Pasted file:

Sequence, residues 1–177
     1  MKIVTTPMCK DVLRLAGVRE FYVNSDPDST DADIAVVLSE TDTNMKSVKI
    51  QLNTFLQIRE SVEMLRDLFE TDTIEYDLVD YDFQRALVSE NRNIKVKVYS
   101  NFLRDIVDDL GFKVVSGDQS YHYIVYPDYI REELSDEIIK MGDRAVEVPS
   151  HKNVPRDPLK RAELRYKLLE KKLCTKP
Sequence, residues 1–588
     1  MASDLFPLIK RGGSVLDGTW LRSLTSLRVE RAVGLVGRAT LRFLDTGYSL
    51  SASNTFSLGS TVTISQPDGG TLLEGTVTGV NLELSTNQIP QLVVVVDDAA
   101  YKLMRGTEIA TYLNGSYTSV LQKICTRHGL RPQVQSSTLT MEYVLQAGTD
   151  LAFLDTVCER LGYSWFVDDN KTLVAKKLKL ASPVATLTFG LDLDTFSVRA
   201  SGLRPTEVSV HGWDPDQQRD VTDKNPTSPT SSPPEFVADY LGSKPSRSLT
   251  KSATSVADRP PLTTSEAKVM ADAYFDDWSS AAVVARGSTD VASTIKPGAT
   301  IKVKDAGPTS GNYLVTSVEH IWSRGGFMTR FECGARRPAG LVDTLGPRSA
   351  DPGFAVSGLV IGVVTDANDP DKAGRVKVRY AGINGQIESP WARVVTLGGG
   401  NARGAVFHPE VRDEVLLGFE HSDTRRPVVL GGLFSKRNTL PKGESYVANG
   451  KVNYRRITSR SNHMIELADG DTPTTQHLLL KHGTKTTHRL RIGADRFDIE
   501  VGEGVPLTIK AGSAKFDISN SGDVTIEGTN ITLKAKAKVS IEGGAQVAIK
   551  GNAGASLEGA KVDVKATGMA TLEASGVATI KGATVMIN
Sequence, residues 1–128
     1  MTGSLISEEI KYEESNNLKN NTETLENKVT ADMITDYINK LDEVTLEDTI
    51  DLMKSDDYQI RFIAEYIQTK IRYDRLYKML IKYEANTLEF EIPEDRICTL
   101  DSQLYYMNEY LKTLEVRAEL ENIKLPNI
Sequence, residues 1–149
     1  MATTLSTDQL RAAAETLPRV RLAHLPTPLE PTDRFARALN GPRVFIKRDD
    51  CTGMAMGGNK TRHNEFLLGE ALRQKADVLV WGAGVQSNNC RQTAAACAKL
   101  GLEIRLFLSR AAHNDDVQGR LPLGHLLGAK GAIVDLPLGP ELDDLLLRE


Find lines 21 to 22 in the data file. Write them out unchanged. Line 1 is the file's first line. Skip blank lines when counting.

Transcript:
    51  DLMKSDDYQI RFIAEYIQTK IRYDRLYKML IKYEANTLEF EIPEDRICTL
   101  DSQLYYMNEY LKTLEVRAEL ENIKLPNI